"It's not my fault!"
We've all said it. It's rarely easy to accept responsibility for the mistakes we make or damage we cause. Sometimes we know instantly we've done something wrong; sometimes it takes time for us to realize the extent of our mistake. But even after that realization, it's always painful to say, "I'm sorry."
A beloved Jewish children's story entitled, The Hardest Word: A Yom Kippur Story, makes this point inventively. The tale describes God commanding a giant bird to search the world for the "hardest word" a person can say. In a first attempt, the bird proposes "Goodnight" — since no child likes going to bed. God demurs. Next, the bird suggests, "Spaghetti." Cute but no dice. Only later, after many unsuccessful guesses, the bird reflects on his own life, looks into his own heart, and realizes that the hardest word must be (spoiler alert) "Sorry" (Jacqueline Jules, Kar-Ben, 2001).
The story rings true as much for us as for the grade-school set: "Sorry" is indeed one of the hardest words we can utter. And yet, our ability to say it, our ability to accept and admit guilt when we're in the wrong is, according to Jewish tradition, at the heart of what makes for a just society.
Our Torah reading this week, Parashat Naso, highlights this idea with the following injunction:
When men or women individually commit any wrong toward a fellow human being, thus breaking faith with the Eternal, and they realize their guilt, they shall confess the wrong they have done. They shall make restitution in the principle amount and add one-fifth to it, giving it to the one who was wronged. (Numbers 5:6-7)
Our commentators recognized that this injunction was very similar to one enumerated several chapters earlier, in the Book of Leviticus (5:20-24). What distinguishes the statement in our parashah from what proceeded it?
According to Rashi, one differentiating feature can be found in the words "they shall confess the wrong they have done," which do not appear in Leviticus (Rashi on Numbers 5:6). Put another way, Rashi observes that according to our parashah, repentance cannot be effectuated without a proper confession of wrongdoing.
Interestingly, requiring confession from the guilty seems to have been one of Rashi's particular concerns. Elsewhere, in his Talmud commentary, Rashi writes that a person cannot achieve true repentance without admitting guilt: "One does not offer compensation or a sin sacrifice without making confession" (Rashi on Babylonian Talmud, Bava Kama 108b, s.v. m'shalem keren).
Thus, in cases of wrongdoing, Rashi and our parashah teach, that justice can only be achieved and amends can only be made when a guilty party (a) publicly admits guilt and (b) makes adequate restitution. It's a two-step solution — two steps that are especially relevant for us today.
In recent years, Americans have watched over and again as corporations accused of malfeasance and negligence have paid large sums to settle lawsuits without admitting guilt. Indeed, if we individuals find it difficult to admit our mistakes, corporations seem to find it even harder. We might say, tongue-in-cheek, they are "too big to confess."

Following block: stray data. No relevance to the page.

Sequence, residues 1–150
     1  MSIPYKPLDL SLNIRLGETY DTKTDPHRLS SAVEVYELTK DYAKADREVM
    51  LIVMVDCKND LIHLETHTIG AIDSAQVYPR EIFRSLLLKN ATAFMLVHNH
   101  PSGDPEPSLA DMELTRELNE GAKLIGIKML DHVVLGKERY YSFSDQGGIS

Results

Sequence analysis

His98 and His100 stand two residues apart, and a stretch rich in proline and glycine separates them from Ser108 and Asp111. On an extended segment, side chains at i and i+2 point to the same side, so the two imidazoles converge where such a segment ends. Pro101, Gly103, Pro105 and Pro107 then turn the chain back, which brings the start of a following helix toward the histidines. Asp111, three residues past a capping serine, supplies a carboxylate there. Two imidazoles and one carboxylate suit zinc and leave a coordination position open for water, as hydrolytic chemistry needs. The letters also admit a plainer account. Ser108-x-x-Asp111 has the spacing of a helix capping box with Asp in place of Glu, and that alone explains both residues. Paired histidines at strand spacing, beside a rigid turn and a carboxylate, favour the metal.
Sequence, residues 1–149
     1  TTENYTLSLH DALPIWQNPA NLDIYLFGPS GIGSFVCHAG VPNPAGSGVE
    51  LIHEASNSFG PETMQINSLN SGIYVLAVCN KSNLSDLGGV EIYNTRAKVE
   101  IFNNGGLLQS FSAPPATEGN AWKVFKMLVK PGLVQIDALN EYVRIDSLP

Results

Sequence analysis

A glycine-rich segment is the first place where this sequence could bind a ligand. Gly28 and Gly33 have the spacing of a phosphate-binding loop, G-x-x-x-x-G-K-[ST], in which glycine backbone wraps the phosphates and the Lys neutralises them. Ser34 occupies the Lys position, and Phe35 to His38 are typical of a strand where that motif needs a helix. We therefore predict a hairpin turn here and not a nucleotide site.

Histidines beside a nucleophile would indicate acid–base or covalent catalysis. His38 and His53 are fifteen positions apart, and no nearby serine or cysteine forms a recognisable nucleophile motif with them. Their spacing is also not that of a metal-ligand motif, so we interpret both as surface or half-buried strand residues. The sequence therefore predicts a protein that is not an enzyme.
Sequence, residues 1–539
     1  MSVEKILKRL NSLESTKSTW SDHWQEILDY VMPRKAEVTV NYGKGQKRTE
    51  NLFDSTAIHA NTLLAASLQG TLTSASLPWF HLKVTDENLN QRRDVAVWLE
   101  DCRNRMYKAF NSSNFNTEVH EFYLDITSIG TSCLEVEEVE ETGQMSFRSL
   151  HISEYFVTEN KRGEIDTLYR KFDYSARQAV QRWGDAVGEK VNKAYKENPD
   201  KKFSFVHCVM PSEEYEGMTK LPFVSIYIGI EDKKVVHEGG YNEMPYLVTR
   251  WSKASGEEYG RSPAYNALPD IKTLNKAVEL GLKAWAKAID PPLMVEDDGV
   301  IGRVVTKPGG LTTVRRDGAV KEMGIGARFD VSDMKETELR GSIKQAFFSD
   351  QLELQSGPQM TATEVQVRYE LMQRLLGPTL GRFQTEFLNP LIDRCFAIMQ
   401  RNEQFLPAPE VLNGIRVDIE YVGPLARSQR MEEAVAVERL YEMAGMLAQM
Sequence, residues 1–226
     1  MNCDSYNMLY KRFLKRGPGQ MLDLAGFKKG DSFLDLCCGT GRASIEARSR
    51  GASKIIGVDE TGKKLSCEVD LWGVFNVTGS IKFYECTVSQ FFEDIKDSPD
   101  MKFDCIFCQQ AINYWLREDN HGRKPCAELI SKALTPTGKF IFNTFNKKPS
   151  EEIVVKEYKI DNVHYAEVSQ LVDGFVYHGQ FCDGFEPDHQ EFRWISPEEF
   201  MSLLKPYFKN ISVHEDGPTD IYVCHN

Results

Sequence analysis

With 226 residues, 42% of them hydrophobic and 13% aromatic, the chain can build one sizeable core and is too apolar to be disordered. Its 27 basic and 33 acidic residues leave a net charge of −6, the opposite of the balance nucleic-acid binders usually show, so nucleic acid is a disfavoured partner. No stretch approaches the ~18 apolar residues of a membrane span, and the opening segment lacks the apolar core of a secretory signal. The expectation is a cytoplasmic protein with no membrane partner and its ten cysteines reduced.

Corporations' refusal to admit wrongdoing — and our government's acceptance of this practice — creates the impression that our society is willing to tolerate nefarious and negligent behavior — in exchange for an adequate amount cash. By allowing these "cop-out settlements," as they are known, our country fails to live up to its sacred aspiration, "Justice for all." Rashi's words ring out to us from the pages of his commentaries condemning this practice, "One does not offer compensation or a sin sacrifice without making confession."
Confession, admitting guilt, saying sorry, are sacred acts. They may be difficult but they make social reconciliation and repair possible. In his Jewish law code, the Mishneh Torah, Maimonides writes expansively about the concept of confession, saying that regardless of the transgression committed, to confess it publicly and accurately is considered especially praiseworthy. And without confession, Maimonides like Rashi tells us, full repentance cannot be achieved (Maimonides, Laws of Repentance 1:1, 2:5).
At the end of The Hardest Word, the giant bird reflects on recent events and remembers when he, accidentally, fell from the sky and destroyed a vegetable garden beside a synagogue. He determines that he will return to the scene of the crime bearing a basket of fruits and vegetables from his own garden because, "It was time to say the hardest word."
It's time for all of us, and especially our country's largest corporations, to learn how to say the hardest word too.
Rabbi Joseph A. Skloot is assistant rabbi at Washington Hebrew Congregation and a doctoral candidate in history at Columbia University. He is chair of the CCAR's Worship and Practice committee.